“To improve your critical thinking, pick the brains of the experienced nurses around you to help you get the mindset,” suggests Eileen Sollars, RN ADN, AAS. Understanding how a seasoned nurse came to a conclusion will provide you with insights you may not have considered and help you develop your own approach.
The chain of command can also help nurses develop critical thinking skills in the workplace.
“Another aid in the development of critical thinking I cannot stress enough is the utilization of the chain of command,” Vest says. “In the chain of command, the nurse always reports up to the nurse manager and down to the patient care aide. Peers and fellow healthcare professionals are not in the chain of command. Clear understanding and proper utilization of the chain of command is essential in the workplace.”
How are critical thinking skills applied in nursing?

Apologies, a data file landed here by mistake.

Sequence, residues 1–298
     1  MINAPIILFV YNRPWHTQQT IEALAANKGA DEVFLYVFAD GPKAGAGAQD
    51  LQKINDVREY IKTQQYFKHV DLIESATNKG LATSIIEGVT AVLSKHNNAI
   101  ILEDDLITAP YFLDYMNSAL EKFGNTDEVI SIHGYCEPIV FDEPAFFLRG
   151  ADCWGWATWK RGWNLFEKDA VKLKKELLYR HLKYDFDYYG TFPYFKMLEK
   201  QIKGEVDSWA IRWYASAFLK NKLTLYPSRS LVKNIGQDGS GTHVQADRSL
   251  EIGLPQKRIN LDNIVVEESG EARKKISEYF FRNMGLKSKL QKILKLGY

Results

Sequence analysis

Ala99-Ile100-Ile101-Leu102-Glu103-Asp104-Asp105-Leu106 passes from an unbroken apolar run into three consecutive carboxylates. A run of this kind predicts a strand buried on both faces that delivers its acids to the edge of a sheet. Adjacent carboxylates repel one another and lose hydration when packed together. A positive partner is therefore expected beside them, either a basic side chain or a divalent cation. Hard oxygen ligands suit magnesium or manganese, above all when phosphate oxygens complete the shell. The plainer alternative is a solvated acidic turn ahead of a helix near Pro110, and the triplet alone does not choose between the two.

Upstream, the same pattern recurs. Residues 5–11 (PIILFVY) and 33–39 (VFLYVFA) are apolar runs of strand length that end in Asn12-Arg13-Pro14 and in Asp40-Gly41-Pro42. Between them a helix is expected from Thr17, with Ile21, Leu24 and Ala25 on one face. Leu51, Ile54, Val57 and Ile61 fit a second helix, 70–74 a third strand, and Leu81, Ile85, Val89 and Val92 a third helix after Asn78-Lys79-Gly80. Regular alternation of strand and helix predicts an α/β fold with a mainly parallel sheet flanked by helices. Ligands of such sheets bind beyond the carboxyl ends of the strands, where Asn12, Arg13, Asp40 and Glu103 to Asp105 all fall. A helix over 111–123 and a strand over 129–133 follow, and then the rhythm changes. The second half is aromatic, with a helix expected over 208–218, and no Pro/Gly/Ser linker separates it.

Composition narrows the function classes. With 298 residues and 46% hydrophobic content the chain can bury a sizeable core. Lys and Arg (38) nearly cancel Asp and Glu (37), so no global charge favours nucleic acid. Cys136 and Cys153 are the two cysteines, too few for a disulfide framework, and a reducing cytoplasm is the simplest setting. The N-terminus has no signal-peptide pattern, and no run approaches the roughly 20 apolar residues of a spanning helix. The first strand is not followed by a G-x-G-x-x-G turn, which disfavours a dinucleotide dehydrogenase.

“Nurses use critical thinking in every single shift,” Sollars says. “Critical thinking in nursing is a paramount skill necessary in the care of your patients. Nowadays there is more emphasis on machines and technical aspects of nursing, but critical thinking plays an important role. You need it to understand and anticipate changes in your patient's condition.”
As a nurse, you will inevitably encounter a situation in which there are multiple solutions or treatments and you’ll be tasked with determining the solution that will provide the best possible outcome for your patient. You must be able to quickly and confidently assess situations and make the best care decision in each unique scenario. It is in situations like these that your critical thinking skills will direct your decision making.
You’re now well aware of the importance of critical thinking skills in nursing. Even if you wouldn’t consider yourself a high-caliber critical thinker today, you can work toward strengthening that skill. The more you practice it, the better you will become and the more naturally it will come to you.
Critical thinking isn’t the only component that makes an effective nurse. Learn about how else you can position yourself to climb the ranks in your nursing career in our article, "Nursing Career Advancement: 7 Ways to Stand Out in Your Scrubs."
*This article was originally published in July 2012. It has since been updated to include information relevant to 2017.